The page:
When you rent a list you get one time delivery of a disruptive email that is going to land in someone’s inbox who has never heard of you. They don’t know your brand. They don’t know your business. They don’t know what you’re marketing. You’re trying to sell to those people by being disruptive. There’s a very small chance that that’s going to work.
Instead, try to attract the right audience. Do it through ways that will help you get the quality leads you’re looking for. Then, have a lead nurturing program in place to develop those quality leads and convert them into customers.
David: You mentioned a whole lot of different ways to get and build your email list. What is, hour by hour, the most efficient one of those methods to develop that list?
Adam: I think there are two things that I would recommend.
The first thing is your website. You need to have sign ups everywhere. People are used to having a sign up page somewhere on the site. Maybe in the right column or somewhere on the home page. Put it in more places than you think. Those tend to get results. Have it in your header. Have it in your footer. Have it in the middle of a blog post. Create an opt-in popup window when people first come to your site. You can set all these things, too, so they appear once and go away on subsequent visits, so it’s not overly intrusive to visitors. I’ve seen a lot of statistics that show popups on websites generate a 200 to 400 percent increases in sign ups.
The second things it to provide downloads or online events around content, such as webinars. I’ve found that some of the best leads will come by people registering to download a white paper or people registering for a webinar. If you put the content out there and people want to receive it, they will give you their information. And they expect that they will be marketed to if they provide their information in exchange for something valuable. As a marketer, you have to approach that tactfully. But if you keep delivering them good information on the topic they’re interested in then you’ll grow that relationship.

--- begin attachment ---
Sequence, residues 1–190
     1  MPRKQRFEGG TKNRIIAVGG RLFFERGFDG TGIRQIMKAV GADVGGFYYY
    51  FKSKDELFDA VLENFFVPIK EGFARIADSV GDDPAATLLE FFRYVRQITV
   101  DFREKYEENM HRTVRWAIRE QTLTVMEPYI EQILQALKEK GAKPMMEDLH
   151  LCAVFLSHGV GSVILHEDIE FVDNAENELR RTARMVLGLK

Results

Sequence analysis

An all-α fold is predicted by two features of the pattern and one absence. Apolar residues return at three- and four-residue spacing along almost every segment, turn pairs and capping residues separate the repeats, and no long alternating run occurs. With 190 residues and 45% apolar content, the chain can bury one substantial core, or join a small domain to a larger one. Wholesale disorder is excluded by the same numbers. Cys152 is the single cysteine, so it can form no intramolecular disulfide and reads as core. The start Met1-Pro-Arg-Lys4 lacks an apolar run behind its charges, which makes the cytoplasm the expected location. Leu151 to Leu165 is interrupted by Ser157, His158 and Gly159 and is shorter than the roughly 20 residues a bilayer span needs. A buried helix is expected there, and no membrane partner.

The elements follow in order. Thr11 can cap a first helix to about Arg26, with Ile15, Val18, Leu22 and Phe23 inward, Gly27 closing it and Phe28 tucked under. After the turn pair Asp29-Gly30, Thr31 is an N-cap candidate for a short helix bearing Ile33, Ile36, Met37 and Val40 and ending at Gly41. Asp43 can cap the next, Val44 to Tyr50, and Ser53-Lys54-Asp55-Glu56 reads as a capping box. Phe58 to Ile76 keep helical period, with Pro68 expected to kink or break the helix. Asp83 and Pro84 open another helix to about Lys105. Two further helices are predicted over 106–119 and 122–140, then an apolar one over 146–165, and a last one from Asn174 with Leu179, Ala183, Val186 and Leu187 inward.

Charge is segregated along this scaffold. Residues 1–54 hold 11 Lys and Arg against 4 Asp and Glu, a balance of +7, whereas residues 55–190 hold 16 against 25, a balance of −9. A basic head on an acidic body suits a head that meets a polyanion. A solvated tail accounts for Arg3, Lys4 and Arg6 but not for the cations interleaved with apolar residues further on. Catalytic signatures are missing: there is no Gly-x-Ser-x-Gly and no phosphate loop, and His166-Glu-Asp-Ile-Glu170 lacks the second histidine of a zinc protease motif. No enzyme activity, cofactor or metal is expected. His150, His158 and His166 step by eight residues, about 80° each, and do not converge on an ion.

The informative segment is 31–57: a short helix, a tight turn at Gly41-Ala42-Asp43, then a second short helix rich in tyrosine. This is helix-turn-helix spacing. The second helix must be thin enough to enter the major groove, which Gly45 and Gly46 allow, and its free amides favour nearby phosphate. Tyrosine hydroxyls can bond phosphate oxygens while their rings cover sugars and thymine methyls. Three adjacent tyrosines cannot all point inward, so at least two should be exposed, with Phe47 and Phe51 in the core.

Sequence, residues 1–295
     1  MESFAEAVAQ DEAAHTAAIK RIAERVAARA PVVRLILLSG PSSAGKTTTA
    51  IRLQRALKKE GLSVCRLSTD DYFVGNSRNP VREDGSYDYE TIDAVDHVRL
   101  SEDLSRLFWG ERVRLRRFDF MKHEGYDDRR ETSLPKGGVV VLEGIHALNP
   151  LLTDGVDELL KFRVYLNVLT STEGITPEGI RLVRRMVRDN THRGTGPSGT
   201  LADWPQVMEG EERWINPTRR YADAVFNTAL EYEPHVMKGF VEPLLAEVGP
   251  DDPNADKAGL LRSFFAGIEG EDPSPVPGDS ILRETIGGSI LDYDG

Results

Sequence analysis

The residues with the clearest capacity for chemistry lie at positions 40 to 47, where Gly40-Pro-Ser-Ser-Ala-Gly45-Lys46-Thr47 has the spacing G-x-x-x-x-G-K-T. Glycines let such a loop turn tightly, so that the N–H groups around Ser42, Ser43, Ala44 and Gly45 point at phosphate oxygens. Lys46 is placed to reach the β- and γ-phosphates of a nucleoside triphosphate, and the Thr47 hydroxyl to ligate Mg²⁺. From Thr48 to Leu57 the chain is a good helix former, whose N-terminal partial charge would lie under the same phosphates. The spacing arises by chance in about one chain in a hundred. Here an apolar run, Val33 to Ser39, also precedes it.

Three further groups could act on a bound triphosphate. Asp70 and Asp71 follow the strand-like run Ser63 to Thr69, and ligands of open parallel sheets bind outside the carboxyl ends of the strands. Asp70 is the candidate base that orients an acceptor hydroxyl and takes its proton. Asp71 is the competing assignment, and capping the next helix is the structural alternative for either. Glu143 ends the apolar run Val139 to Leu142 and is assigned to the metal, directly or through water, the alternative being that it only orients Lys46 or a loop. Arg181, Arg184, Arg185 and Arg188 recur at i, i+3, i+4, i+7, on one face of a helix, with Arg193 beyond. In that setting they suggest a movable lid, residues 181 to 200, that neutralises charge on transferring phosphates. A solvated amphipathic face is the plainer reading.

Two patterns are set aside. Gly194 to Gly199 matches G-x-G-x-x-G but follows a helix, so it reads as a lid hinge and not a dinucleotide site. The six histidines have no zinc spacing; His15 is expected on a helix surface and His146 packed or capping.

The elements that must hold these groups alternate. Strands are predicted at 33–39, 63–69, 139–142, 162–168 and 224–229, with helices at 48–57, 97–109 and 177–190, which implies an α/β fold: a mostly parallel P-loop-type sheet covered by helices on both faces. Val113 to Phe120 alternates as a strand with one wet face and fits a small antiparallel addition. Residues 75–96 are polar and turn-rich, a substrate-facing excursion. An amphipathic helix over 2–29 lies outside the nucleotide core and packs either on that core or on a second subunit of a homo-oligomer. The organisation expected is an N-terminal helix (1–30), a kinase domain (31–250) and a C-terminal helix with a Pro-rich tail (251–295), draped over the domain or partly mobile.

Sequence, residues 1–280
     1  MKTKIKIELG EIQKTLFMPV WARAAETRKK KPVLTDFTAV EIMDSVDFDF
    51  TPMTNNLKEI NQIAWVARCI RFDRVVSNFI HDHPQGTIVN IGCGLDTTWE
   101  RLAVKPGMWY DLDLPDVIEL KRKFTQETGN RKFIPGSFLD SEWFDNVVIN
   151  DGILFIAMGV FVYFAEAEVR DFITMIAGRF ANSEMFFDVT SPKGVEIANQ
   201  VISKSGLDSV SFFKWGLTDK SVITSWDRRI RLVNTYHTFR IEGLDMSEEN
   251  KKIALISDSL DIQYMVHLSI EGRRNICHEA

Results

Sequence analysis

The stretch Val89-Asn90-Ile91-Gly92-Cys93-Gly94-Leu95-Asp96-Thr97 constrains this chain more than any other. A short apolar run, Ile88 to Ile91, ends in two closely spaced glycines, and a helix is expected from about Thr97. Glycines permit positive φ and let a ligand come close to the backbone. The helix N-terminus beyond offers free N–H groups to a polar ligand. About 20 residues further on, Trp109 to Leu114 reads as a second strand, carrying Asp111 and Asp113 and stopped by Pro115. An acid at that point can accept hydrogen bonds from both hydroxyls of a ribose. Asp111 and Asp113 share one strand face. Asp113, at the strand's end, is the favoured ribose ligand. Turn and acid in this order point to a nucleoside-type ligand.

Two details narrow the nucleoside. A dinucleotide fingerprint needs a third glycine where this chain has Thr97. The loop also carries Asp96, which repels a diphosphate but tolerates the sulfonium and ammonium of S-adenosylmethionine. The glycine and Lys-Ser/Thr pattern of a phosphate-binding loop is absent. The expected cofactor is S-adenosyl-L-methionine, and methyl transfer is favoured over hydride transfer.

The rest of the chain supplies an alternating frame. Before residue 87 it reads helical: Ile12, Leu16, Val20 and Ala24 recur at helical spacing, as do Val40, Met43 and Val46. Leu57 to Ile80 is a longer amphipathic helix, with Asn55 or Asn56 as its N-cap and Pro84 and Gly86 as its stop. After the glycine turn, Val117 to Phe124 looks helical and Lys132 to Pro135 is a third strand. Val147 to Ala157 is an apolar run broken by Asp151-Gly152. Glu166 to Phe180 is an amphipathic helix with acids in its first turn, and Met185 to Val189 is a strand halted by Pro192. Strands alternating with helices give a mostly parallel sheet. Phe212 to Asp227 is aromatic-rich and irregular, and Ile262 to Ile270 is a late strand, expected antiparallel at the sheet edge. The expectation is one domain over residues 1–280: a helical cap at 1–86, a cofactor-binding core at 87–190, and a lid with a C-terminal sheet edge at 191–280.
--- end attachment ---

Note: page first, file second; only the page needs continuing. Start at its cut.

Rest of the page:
David: Thank you. I hope it goes unsaid how much respect I have for you when it comes to email marketing. I was especially excited to hear about the book that you’re producing here coming up. Can you tell us a little more about that?
Adam: Sure. First of all, I’ve been a marketer in the email space for over 15 years now. I’ve managed a lot of email campaigns for a lot of brands. I’ve specialized in the B2B marketing space. I’ve done a lot of writing on B2B email marketing including blog posts and white papers.
About two or three years ago I got the idea of aggregating all that writing and putting it into a guide for marketers. Where I ended up was with a book called ‘How to Win at B2B Email Marketing, A Guide to Achieving Success.’ I think guide is the right word for it. It brings people through all aspects of the email marketing campaign. It starts with having a goal and how to achieve your goals. It has information on data. It talks about the email message and all it’s parts. It covers testing and analysis. I think it’s a pretty good resource for marketers who are interested in using email to achieve business success.
It’s going to be available at the end of October. It’s available now for pre-order at b2bemailmarketingbook.com.
I’m going to be speaking at some upcoming events in the area including the BMA Carolinas luncheon on October 15th. If anyone wants to come out and check that out, I definitely would be interested in having you join me there.
David: Thanks. I signed up once you told me that you were speaking. I hope other people can come, too. Thank you so much for your time. I appreciate you just giving me a few and talking about this. I think it was super helpful.
Adam: Thanks for having me. I appreciate the invite and look forward to hearing what people think about the book. If anyone would like to reach out just email email@example.com.
Do you have trouble building your email list? Share your questions, in the comments, below. Do you know any other ways to build an email list? Share them with us, too.
Tags: One Thing